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Joanna Piotrowska
"Untitled", 2016Photography Bruno Lopes

Joanna Piotrowska questions reality with new photo series

The photographer explores the ideas of refuge and reality by re-appropriating the child-like dens we all once built, and shooting them in various homes in Lisbon

Polish artist, filmmaker and 2015 Dazed 100 photographer Joanna Piotrowska’s latest exhibition has just gone on display at Lisbon’s Galeria Madragoa, with a series of photographs detailing shelters that question our perceptions of space and time.

Piotrowska’s work is often emotionally and politically charged, and she recently collaborated with Dazed senior fashion editor Elizabeth Fraser-Bell on the project “Never is a Long Time”, which documented Latvian rehab centres and the addicts in recovery there.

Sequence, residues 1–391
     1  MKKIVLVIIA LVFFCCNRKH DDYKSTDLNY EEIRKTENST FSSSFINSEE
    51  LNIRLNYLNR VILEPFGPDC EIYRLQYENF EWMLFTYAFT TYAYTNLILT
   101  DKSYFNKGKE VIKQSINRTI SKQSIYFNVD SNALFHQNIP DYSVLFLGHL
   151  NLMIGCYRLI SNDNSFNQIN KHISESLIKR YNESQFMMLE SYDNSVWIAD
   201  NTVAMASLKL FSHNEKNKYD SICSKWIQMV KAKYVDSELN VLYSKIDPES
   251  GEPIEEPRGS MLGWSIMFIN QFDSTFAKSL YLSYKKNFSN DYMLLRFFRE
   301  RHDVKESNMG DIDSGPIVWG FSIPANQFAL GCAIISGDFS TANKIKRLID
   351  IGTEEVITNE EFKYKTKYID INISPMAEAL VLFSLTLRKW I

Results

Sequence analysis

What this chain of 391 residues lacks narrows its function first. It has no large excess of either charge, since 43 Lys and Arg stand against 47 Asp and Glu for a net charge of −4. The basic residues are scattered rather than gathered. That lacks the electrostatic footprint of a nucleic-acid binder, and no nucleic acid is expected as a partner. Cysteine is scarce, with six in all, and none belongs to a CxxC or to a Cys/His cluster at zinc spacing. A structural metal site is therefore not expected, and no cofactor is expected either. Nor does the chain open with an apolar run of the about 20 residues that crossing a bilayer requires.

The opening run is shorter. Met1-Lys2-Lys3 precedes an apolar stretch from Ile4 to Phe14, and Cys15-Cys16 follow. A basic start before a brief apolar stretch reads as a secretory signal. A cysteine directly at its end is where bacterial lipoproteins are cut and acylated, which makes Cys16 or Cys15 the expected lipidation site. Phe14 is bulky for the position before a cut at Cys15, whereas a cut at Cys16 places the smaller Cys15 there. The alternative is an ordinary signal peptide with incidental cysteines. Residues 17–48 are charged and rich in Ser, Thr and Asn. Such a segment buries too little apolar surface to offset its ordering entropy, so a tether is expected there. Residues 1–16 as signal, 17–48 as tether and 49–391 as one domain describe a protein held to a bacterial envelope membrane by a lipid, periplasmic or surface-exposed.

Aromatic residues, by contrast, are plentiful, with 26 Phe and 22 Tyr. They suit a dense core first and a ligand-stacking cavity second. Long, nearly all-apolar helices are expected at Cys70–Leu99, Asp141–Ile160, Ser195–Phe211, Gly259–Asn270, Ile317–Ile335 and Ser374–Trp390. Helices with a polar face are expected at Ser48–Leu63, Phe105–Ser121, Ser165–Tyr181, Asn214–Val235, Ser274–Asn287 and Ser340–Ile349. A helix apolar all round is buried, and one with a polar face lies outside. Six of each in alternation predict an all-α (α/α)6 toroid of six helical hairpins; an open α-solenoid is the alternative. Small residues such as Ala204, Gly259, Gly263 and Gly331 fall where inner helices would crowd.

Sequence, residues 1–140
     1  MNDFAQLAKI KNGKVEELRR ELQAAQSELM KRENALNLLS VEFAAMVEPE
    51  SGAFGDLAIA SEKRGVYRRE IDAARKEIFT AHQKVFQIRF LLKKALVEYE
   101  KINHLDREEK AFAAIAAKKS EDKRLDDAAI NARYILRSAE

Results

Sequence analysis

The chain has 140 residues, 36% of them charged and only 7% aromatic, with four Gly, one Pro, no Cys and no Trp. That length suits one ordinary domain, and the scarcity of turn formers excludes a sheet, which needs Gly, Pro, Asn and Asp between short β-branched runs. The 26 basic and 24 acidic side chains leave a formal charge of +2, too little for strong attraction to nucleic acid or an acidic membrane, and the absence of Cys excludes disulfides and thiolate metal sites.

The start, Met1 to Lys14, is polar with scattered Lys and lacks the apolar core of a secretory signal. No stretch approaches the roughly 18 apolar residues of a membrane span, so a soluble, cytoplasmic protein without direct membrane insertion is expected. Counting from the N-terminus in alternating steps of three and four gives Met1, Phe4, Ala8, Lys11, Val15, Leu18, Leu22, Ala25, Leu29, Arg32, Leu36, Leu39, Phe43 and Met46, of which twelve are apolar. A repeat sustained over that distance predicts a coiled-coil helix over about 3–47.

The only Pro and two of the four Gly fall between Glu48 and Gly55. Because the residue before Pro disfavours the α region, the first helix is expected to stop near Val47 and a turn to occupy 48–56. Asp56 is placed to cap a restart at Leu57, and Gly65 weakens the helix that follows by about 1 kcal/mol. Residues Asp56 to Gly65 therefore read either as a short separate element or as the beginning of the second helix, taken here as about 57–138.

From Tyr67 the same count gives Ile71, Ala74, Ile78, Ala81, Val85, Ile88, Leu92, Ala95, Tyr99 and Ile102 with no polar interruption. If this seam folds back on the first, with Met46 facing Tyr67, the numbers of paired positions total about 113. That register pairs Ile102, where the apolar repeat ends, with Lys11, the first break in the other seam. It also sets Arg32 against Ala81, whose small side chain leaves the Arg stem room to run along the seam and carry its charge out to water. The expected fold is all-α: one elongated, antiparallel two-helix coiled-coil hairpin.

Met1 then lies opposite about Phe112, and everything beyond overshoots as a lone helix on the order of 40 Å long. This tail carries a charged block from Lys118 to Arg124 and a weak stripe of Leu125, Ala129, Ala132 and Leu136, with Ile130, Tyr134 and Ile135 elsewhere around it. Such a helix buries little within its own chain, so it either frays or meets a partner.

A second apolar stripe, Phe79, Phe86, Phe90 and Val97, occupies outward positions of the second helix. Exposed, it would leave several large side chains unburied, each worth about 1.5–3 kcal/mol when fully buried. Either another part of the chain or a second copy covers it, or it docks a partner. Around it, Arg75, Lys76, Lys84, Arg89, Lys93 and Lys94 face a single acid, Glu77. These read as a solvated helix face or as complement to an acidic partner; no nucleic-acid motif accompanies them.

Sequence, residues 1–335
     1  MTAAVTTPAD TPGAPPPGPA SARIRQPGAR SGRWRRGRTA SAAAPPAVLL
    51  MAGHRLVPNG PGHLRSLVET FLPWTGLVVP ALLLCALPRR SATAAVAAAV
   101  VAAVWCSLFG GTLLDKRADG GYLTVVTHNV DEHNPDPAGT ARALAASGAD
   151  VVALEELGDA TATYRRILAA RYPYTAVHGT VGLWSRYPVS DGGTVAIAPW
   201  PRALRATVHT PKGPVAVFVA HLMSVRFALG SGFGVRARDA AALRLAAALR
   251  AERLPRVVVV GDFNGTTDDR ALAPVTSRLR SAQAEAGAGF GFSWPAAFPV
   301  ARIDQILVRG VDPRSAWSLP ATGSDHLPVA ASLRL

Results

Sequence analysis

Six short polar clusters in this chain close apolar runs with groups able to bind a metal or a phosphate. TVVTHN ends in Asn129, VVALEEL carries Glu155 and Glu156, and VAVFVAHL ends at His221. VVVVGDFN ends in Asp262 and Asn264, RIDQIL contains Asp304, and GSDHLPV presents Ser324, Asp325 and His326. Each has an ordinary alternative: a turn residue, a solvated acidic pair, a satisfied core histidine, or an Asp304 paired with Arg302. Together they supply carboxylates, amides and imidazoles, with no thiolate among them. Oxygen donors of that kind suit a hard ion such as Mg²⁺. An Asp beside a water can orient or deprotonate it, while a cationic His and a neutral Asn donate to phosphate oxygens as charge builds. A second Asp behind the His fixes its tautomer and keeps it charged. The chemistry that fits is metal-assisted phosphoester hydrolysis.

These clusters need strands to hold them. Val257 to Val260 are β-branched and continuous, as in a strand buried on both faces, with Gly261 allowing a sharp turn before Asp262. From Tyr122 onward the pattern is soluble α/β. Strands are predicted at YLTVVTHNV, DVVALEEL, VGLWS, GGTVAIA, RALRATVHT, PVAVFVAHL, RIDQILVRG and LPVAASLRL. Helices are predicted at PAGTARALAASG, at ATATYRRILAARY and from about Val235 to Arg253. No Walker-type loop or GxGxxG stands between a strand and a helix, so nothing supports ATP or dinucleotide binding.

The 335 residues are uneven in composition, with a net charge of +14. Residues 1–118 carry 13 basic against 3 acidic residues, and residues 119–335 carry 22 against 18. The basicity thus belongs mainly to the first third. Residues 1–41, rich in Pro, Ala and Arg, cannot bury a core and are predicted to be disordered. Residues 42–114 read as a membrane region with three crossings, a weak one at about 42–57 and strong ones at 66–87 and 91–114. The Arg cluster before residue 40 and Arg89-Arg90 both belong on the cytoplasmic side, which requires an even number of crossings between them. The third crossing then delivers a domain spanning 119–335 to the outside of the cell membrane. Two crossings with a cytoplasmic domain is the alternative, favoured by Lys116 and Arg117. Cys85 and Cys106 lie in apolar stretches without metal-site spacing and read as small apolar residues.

Her current exhibition, Frantic, is centred on the theme of shelters and the Foucaultian “localised utopia” of childhood; covering your eyes and thinking you can't be seen, sheet-and-cushion dens, or hideaways at the end of the garden. Taking this idea of refuge into adulthood, she explores the darker and more pressing need for those without homes to find shelter. Inspired by these places and the ways in which they disrupt our understanding of place and time, Piotrowska's work also deals with the slippery concept of reality.

The work itself is a series of photographs displaying makeshift shelters erected in various homes using materials found there. In much the same way that the spectrum of people who created these shelters in their homes and gardens are varied in attitude and situation, the work's title Frantic was chosen for how it can refer to the multitude of reasons that you might have for creating a shelter – both the playful and innocent, to the more sinister and profound.

Frantic is on display at Lisbon's Galeria Madragoa until 5 November. More details here